Derrida: Engaged Intellectual, Elusive Author

French philosopher Jacques Derrida undoubtedly wanted his words to do the talking. Even as part of the movement breaking down those very words to reshape and restructure societies and ideologies, Derrida’s text took precedence over any image or character that he created for himself as what Jean Paul Sartre would call an “intellectuel engagé.” Derrida should certainly be considered an intellectual; his contributions to literature, linguistics and philosophy, albeit presented in an often controversial manner, position him as an incredibly important figure in shaping society today. Derrida’s behaviour as one of these intellectuals, however, makes him an intriguing subject to study especially considering his interactions with the media. 

Just how much responsibility does an intellectual have to throw their persona into the public sphere alongside their beliefs?”

Historically, the explosion of new media in the 20th century gave rise to Sartre’s “intellectuel engagé” since they were offered a greater and broader platform than ever before to access the public arena and share their ideas. Print news articles as well as radio and television interviews added an intermediality to these concerned thinkers’ fight for truth and justice. Rather than merely a written text distributed amongst other educated peers, this audiovisual media gave the intellectuals personality and allowed them to justify, expand upon and add a humanity to their ideas. These new possibilities were not always perceived as positive, especially and unsurprisingly not for Derrida. Wanting to keep the focus and significance on his work, rather than on his image, Derrida refused public photography up until 1979 and held very few public interviews. The 2002 film from which this interview was taken represents one of the first in-depth looks into his life and once again raises the issue of the intellectual’s involvement with mass media. Derrida’s mysterious and elusive character drew strong critique of his ideas, but just how much responsibility does an intellectual have to throw their persona into the public sphere alongside their beliefs?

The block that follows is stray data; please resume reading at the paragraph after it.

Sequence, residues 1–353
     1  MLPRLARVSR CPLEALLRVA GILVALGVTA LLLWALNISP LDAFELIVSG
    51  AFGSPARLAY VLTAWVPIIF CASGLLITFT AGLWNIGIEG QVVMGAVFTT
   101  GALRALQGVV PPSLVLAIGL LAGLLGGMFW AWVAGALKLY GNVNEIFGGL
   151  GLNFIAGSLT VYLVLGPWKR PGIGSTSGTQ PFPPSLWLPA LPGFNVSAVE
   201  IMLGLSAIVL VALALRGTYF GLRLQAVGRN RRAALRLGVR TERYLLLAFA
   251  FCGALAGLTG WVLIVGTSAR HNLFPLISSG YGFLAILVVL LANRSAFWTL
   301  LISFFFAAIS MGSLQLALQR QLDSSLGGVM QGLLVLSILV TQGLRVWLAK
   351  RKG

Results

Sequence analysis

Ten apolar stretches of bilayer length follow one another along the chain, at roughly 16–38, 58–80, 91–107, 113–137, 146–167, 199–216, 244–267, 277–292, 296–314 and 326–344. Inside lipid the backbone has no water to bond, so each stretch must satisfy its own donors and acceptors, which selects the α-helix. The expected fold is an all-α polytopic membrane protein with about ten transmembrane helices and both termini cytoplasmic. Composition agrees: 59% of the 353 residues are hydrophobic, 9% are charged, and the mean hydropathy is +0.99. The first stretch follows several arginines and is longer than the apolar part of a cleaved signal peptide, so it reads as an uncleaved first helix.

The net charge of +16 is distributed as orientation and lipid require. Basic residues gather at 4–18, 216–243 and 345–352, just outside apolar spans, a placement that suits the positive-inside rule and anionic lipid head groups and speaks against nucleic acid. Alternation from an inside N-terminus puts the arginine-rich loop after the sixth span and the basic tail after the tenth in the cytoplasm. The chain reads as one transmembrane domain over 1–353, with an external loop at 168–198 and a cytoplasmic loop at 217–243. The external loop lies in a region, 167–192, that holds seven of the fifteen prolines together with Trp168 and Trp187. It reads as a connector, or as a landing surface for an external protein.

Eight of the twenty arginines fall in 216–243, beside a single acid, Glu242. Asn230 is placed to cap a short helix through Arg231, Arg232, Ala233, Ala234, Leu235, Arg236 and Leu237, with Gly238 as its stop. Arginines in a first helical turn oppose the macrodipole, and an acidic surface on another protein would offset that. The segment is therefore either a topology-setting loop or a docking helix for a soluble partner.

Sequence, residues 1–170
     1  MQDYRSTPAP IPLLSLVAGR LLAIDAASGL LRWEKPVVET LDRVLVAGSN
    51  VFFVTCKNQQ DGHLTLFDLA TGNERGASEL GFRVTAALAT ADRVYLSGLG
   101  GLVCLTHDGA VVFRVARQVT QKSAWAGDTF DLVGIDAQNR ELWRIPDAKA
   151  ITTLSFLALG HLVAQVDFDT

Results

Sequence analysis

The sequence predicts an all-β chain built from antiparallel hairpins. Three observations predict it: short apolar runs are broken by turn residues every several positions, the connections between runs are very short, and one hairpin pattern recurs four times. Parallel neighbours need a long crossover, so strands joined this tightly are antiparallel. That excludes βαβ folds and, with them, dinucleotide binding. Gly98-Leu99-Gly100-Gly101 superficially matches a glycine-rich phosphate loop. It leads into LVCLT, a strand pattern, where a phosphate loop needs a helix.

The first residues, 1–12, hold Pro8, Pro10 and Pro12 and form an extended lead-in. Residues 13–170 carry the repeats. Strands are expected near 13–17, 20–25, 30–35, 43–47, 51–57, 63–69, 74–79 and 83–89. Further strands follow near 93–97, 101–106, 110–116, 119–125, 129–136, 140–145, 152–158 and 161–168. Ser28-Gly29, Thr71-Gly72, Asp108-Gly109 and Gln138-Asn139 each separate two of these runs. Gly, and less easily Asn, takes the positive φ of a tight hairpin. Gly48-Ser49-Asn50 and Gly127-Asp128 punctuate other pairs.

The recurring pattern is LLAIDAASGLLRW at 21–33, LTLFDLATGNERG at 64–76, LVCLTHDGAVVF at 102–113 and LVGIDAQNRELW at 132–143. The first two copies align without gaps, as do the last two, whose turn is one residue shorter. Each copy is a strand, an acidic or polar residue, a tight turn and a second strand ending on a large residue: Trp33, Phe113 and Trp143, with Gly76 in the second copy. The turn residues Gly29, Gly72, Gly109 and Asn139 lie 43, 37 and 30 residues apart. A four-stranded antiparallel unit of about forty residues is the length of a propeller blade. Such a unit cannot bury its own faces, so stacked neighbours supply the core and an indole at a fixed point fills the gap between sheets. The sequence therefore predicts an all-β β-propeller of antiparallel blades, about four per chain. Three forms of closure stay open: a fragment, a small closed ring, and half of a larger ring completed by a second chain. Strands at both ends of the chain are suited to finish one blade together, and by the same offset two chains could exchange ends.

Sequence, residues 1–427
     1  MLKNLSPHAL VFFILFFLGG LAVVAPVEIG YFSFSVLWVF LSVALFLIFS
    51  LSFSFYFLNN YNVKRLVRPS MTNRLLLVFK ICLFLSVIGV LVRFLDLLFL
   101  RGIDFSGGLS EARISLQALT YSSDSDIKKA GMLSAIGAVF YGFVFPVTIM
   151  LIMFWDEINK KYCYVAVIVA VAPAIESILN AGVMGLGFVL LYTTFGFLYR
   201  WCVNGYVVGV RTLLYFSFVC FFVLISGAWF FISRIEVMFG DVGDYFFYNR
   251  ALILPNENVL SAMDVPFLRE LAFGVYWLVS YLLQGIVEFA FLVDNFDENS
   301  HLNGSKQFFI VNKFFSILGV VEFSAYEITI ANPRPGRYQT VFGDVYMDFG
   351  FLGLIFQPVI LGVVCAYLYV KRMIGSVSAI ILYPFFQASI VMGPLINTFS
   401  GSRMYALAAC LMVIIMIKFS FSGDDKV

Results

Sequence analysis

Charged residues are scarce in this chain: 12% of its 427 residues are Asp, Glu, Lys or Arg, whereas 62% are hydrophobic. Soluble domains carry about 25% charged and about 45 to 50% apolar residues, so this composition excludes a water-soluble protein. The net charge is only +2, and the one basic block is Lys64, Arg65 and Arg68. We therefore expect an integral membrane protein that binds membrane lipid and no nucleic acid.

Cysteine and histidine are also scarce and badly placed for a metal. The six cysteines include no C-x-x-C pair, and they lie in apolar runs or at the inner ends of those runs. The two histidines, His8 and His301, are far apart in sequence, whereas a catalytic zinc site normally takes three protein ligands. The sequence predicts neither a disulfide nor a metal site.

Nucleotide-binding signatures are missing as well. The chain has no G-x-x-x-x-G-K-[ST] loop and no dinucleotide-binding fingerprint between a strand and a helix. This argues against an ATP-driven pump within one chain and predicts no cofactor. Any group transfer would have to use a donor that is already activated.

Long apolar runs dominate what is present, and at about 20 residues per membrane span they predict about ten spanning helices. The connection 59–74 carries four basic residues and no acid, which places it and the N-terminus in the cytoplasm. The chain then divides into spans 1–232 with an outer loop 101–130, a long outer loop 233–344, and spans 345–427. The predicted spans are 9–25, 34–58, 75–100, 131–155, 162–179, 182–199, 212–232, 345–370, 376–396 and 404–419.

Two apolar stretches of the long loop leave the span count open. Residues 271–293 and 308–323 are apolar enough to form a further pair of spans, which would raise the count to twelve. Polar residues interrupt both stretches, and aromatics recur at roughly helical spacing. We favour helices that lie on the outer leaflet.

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Derrida’s ideas came at a time rife with political conflict and uncertainty. In France, Charles de Gaulle’s newly founded Fifth Republic faced issues of immigration and conflict with Algeria. Later in the decade saw the events of May 1968 leave a lasting mark of French society, with intellectuals like Derrida himself taking up stances against authority. Outside of France, the USA started a war in Vietnam which would raise enormous political and moral questions. Derrida’s Deconstruction may not have been a clear answer to these questions, but it was perfectly positioned to challenge the inner workings and basis of those conflicting institutions. Every regime, establishment or political power had to have some kind of foundation in text, whether that was a constitution, manifesto or otherwise. Deconstruction tore those texts apart at their very core and provided people an accessible means to question the attitudes and decisions laid upon them. As Michele Lamont describes in his article “How to Become a Dominant French Philosopher”, Derrida’s work “appealed to the intellectual public as a status symbol and as a novel and sophisticated way to deal with late 1960’s politics.” (Lamont: 1987)